Freedom of Speech Only For Status Quo at U.S. Universities

Colleges pride themselves as bastions of creativity, promoting the free traffic of ideas. Yet, the relationship between campus leaders and freedom of speech has been a tenuous one in recent years.

For example, a few months ago, the University of St. Thomas planned to host Nobel Peace Prize recipient Archbishop Desmond Tutu as a guest speaker, yet because of criticisms he made toward Israel that offended Jewish people, his appearance was cancelled.

The director of the program was later demoted having complained about Tutu’s revoked invitation.

Meanwhile, Columbia University allowed Iranian President Mahmoud Ahmadinejad to try and refute proven history and deny the existence of homosexuals in his own nation.

It appears to me that there are two problems plaguing the exchange of ideas and free speech on some campuses: political correctness being utilized as a form of control and censorship and the severe lack of debate and discussion.

On the subject of political correctness, by control I mean a way of keeping peace and order on campus. Order is a wonderful thing, but when voices are restrained there is a problem.

You cannot allow one group a chance to share their opinion without offering the opportunity to everyone else-no matter how radical their beliefs.

In order to curb the chance that a certain group on campus is not offended, college authorities often ban speakers-even if they have a valid or debatable point.

We’re driven by fear in our pursuit of equality. Being labeled a racist, misogynist, anti-Semitic, or anything similar is a one-way ticket to academic ruin.

Yet, therein is the problem. How can campuses prevent discriminatory rants but promote rational criticism?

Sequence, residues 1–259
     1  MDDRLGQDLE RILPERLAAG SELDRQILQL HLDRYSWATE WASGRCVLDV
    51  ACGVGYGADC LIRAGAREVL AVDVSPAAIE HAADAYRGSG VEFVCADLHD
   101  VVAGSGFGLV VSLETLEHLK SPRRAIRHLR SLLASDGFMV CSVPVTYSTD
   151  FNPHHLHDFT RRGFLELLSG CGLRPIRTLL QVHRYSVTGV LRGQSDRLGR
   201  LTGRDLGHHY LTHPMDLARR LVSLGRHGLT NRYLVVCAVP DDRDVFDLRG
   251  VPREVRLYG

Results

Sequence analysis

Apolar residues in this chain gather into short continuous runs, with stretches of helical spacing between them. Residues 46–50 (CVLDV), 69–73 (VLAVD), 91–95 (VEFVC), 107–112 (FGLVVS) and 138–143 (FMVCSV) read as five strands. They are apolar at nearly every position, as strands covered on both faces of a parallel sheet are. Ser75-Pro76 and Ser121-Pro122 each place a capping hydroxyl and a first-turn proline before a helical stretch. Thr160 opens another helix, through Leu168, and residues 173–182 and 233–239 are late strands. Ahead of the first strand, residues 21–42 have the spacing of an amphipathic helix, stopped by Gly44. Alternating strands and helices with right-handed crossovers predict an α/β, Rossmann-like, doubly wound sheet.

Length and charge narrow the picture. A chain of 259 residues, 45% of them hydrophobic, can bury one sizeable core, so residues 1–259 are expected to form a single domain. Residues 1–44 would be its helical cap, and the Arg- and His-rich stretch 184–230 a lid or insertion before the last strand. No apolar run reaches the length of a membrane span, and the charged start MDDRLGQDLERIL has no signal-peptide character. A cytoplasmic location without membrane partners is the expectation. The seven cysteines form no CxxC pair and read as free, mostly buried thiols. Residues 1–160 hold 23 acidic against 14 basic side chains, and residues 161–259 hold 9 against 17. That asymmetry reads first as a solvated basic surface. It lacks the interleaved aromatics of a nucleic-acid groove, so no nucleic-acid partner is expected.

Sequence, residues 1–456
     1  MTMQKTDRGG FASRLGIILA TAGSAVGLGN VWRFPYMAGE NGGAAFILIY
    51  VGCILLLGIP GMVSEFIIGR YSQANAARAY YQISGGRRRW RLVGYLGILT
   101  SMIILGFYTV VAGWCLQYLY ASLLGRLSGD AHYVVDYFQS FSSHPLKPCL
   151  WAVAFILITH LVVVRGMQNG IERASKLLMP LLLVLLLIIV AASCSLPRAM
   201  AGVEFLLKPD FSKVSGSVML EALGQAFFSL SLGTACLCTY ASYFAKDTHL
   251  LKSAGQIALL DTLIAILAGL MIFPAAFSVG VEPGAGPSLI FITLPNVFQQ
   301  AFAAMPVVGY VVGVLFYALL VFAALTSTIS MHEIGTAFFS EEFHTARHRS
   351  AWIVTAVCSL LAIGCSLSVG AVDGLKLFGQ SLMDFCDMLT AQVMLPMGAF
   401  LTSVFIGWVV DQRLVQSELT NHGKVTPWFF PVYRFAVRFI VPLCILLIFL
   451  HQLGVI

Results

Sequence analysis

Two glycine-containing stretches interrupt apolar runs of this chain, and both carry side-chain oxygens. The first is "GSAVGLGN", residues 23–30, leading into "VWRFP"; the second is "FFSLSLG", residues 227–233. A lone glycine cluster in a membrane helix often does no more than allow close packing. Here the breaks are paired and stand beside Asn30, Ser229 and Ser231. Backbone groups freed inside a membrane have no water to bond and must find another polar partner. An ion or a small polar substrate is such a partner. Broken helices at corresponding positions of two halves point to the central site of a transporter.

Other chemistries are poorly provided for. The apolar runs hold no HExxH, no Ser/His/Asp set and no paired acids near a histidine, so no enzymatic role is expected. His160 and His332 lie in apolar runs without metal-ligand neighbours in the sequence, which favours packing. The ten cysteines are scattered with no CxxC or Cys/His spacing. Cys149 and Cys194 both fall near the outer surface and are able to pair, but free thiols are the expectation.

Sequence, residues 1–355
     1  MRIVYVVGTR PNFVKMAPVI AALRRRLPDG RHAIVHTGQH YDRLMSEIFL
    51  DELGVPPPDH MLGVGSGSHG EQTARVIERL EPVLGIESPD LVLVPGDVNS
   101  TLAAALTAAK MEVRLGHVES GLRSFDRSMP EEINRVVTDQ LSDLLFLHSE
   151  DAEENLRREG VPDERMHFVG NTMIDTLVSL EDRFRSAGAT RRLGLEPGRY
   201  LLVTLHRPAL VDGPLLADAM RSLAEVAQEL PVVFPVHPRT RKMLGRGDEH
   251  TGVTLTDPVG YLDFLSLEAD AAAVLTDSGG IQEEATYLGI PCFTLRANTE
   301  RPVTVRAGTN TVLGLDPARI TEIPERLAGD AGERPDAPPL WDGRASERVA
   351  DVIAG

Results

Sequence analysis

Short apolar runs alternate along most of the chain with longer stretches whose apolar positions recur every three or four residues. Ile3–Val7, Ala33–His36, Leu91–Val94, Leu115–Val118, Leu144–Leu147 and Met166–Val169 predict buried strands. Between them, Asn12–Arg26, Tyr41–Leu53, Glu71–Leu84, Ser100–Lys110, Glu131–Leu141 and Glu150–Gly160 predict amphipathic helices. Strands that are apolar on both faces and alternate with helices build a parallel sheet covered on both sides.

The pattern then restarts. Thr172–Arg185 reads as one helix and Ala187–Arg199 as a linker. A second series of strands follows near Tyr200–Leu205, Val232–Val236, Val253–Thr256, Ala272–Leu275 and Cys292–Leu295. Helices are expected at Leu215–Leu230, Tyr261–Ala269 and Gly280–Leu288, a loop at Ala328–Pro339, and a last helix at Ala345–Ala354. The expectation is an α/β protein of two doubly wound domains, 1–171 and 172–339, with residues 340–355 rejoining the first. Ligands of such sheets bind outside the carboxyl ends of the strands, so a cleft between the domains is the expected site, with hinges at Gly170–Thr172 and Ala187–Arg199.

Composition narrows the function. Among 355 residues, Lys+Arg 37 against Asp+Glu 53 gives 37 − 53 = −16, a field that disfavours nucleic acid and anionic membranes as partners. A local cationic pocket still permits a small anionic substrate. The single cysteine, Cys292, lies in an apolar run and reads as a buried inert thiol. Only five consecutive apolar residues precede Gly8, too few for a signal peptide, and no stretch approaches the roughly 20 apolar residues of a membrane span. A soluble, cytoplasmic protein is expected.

This question is especially illustrated in the case of former Harvard President Lawrence Summers. Summers was fired after suggesting that there were fewer women in math, science, and engineering because their brains are specialized for linguistic and communicative skills.

Obviously, ladies-professors and students alike-on campus were offended, and the professor was branded a sexist.

You can’t so much as deny equality between everyone, even in cases where differences are immediately obvious. To do so is to risk immediate censorship.

Though it may be hurtful, there should still be room for the man to espouse his beliefs as well as a chance for differing opinions to be heard.

Scenarios like Lawrence Summer’s are far too common on campuses. It truly is a shame; plus, it is not only a college problem. I get the impression that it’s a national issue.

If someone has something to say that most of the population, especially a minority group, doesn’t want to hear, then that person is shunned. There is never enough room for dissenting opinions and discussion in this country.

Optimist that I am, I believe that a good debate has tremendous power to bring students, and the nation, together. If organized around logic and respect between opposing ideas, then forums promote thought and innovation.

If there were an analytical critique of a controversial opinion then perhaps we’d learn there is credence to it. Just because it’s painful to hear, does not reduce its pertinence.

Ironically, one reason for the lack of diversity on campuses is because of the myriad of peoples in college. Race, religion, gender, and sexual orientation are far less homogenized compared to how they were in the past.

And, as is often the case, if someone says anything that can be misconstrued as insulting to a minority group that person is immediately punished and transformed into a pariah.

We promote feel-good rhetoric for minority groups-ideas that were controversial during the social revolutions of the 60s but are no longer. This sterility in thought performs a great disservice to the students and academic communities of colleges.

How can a deluded and highly offensive madman such as Mahmoud Ahmedinejad own the stage for an hour, yet an Archbishop dedicating his life to love and peace be refused for speaking his mind?

Dialogue and interrogation of the status quo are the keys to improvement and innovation. Without it college is nothing more than high school part 2 and the nation will soon be facing a revival of the 50s, rife with delusion and political correctness as a return to McCarthyism.

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